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Our introductions to individuals in our Archives and Collections continues today as we look at the life and work of Scottish artist Joan Eardley.

Joan Kathleen Harding Eardley (1921-1963) is described by Cordelia Oliver as ‘a big, sturdily attractive, dark girl with bright black eyes, [with] a friendly smile’ who made her appearance at the Glasgow School of Art in the middle of the School session in 1940 after moving to Scotland from England as a precaution against bombing during the war. Previously Eardley had attended Blackheath School until 1938, going on to study at Goldsmith’s School of Art for a few months before moving with her family to Glasgow.

Enrolling at the GSA, Eardley attend the School from 1940 to 1943 and was awarded the Guthrie Prize for portraiture. During this time the Art School suffered all the inevitable shortcomings of war time, notably a reduction in the number of staff, a loss of departments (such as ceramics) and a lack of availability of models for life studies. However in Drawing and Painting, while the staff and students were significantly reduced, those that reached their final year in the painting school were to come under the tuition of Hugh Adam Crawford, a teacher that could provide more time to students individually because of these circumstances. Hugh Adam Crawford “[w]ithout doubt…recognised that the primary purpose of…a school of art, is to nourish and develop the means to give expression to the urge to create, rather than to feed and stimulate its alter ego, the academic or scholarly mind”.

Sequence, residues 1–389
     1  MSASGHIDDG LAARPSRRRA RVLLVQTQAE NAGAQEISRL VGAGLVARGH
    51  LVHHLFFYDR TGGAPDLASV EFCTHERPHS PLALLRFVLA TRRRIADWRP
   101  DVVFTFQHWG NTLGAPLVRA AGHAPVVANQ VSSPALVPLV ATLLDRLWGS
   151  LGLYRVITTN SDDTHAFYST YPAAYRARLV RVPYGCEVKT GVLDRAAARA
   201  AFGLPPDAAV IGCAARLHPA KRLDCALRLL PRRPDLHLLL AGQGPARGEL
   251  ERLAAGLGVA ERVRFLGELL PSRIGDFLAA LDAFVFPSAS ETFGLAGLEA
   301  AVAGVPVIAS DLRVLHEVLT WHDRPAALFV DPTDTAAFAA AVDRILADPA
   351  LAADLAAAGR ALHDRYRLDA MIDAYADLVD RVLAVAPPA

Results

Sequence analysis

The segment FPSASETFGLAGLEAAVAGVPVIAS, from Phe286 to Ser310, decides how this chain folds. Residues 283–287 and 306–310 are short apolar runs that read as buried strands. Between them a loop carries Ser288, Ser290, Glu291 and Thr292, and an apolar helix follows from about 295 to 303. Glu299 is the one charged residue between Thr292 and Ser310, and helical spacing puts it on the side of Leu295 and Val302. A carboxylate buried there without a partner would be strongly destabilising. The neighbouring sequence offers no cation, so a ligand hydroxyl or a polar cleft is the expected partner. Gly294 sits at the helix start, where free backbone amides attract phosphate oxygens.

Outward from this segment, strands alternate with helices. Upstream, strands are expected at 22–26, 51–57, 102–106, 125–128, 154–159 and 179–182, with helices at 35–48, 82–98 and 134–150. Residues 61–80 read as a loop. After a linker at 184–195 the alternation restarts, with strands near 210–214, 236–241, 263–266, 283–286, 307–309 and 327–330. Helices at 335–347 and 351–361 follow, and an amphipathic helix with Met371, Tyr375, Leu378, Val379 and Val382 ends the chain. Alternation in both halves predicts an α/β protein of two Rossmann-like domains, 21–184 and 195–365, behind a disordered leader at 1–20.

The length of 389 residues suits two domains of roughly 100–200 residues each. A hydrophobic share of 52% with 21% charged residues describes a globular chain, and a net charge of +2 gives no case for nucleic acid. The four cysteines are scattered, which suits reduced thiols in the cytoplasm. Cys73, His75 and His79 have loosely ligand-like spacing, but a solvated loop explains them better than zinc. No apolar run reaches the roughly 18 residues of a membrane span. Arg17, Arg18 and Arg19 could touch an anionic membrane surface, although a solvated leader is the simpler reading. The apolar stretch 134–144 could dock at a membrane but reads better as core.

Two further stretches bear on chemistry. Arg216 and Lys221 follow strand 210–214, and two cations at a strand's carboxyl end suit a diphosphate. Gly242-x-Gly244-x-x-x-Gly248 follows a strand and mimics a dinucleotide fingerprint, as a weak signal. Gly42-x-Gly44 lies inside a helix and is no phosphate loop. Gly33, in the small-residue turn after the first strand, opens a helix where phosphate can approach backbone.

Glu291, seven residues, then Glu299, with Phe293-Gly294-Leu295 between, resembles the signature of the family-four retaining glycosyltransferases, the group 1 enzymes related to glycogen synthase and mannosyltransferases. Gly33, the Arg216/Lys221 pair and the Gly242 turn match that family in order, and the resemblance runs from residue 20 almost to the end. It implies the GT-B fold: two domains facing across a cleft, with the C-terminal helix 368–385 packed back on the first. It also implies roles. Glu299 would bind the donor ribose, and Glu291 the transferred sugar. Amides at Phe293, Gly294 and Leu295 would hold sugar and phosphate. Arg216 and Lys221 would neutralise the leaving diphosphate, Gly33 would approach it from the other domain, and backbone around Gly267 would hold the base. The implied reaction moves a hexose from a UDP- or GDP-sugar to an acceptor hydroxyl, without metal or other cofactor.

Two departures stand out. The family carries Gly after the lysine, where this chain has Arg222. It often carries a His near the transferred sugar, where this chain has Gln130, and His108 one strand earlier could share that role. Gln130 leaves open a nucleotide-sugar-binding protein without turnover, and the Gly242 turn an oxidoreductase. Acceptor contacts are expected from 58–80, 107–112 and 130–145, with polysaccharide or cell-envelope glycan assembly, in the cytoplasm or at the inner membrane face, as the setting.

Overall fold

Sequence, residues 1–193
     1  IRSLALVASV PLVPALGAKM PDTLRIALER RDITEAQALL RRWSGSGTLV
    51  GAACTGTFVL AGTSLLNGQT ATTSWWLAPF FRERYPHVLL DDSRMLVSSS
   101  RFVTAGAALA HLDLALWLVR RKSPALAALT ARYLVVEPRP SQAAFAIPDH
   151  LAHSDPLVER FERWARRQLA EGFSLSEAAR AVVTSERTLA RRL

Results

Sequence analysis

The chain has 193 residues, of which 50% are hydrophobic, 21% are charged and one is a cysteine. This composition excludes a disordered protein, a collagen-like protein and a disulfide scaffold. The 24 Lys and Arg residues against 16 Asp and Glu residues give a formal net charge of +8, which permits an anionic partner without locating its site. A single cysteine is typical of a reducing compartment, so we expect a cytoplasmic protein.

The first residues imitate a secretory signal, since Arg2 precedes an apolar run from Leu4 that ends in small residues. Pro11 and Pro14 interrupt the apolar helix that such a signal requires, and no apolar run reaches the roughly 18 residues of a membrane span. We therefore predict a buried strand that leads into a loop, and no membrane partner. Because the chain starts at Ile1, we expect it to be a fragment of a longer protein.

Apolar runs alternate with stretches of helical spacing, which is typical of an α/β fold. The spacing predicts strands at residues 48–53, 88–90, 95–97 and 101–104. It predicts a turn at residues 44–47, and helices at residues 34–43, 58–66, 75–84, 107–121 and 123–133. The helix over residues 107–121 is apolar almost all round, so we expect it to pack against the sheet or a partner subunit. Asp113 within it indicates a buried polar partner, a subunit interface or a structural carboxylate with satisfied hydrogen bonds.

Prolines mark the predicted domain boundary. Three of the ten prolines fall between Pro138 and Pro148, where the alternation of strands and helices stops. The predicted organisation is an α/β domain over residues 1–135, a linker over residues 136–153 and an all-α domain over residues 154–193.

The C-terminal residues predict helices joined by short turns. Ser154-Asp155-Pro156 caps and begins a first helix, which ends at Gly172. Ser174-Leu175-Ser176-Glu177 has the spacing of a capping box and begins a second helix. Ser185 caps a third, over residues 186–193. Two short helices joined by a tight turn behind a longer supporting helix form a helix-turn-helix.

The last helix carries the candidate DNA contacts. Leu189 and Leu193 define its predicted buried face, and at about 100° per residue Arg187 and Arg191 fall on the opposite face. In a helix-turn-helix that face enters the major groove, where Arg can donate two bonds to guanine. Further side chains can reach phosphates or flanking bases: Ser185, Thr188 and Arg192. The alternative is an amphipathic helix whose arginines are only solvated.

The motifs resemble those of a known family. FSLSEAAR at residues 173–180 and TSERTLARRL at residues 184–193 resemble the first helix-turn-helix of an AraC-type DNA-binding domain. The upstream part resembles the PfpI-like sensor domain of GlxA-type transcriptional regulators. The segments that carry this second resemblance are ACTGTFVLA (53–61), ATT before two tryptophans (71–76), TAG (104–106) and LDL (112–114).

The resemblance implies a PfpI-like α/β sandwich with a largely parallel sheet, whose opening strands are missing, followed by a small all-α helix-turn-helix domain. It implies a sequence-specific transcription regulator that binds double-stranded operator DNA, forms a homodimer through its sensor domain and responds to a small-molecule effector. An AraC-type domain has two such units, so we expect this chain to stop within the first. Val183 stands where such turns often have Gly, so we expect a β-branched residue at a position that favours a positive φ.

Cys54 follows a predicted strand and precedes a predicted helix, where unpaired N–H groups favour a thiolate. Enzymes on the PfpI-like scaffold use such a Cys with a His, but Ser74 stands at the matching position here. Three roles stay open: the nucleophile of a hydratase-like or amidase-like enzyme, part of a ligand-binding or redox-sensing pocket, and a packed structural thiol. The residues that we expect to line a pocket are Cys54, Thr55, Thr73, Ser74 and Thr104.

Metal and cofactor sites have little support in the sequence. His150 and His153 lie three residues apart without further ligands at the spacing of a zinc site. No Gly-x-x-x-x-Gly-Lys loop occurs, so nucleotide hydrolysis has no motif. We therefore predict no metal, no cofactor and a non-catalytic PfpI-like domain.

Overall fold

Hugh Adam Crawford (Archive Reference: NMC/738)

Hugh Adam Crawford (Archive Reference: NMC/738)

After receiving her diploma there was pressure on Eardley (and women at this time) to become a teacher, or to enlist into one of the services for the War. Under this pressure Eardley enrolled at Jordanhill Teacher Training College, but left after the first term to assist as a joiner’s labourer in a small boat-building yard near her home.

After two years Eardley returned to the formal study of art attending Hospitalfield, Arbroath (still a functioning post graduate residential college today) in 1947 studying under James cowie and going on to return to the GSA the following year to complete her postponed post-diploma scholarship. The awarding of a travelling scholarship in 1948/49 enabled Eardley to travel to Paris and Italy and in 1955 she was elected an Associate of the Royal Scottish Academy and was made into a full member in 1963. At the time, she was the youngest female artist to achieve this.

Catterline, Aberdeenshire (Archive Reference: NMC/64)

Catterline, Aberdeenshire (Archive Reference: NMC/64)

Within our Archives and Collections we have several records and pieces of work relating to Eardley that GSA students can now access and use as inspiration for their own work. These include several studies created during her travels as well as a painting of Catterline, Aberdeenshire, a place Eardley ‘discovered’ and moved to in 1956, creating work in a deserted cottage that she used as a studio and base while she worked outside.

San Rufino, Assisi (Archive Reference: NMC/67)

San Rufino, Assisi (Archive Reference: NMC/67)

 

Alongside this we have several photographs of Joan Eardley at work, and a very unusual artist’s easel that may have been made by Eardley. This easel, according to the donor, was borrowed from the GSA c1950 by Josef Herman and was never returned. Once the artist had passed away a drawing by the artist (a sketch of a seated female nude, archive reference NMC/0633) was gifted to the GSA as a thank you for the 50 year loan of the easel!

If you have any further information you wish to share about Joan Eardley and her work (or a piece of School equipment that has been hidden in your attic for half a century!) please get in touch. Until next time.

Resources Used

Joan Eardley, RSAby Cordelia Oliver

Glasgow Girls, Artists and Designers 1920-1960, by Liz Arthur

GSA Archives and Collections Catalogue, Eardley, Joan Kathleen Harding (1921-1963)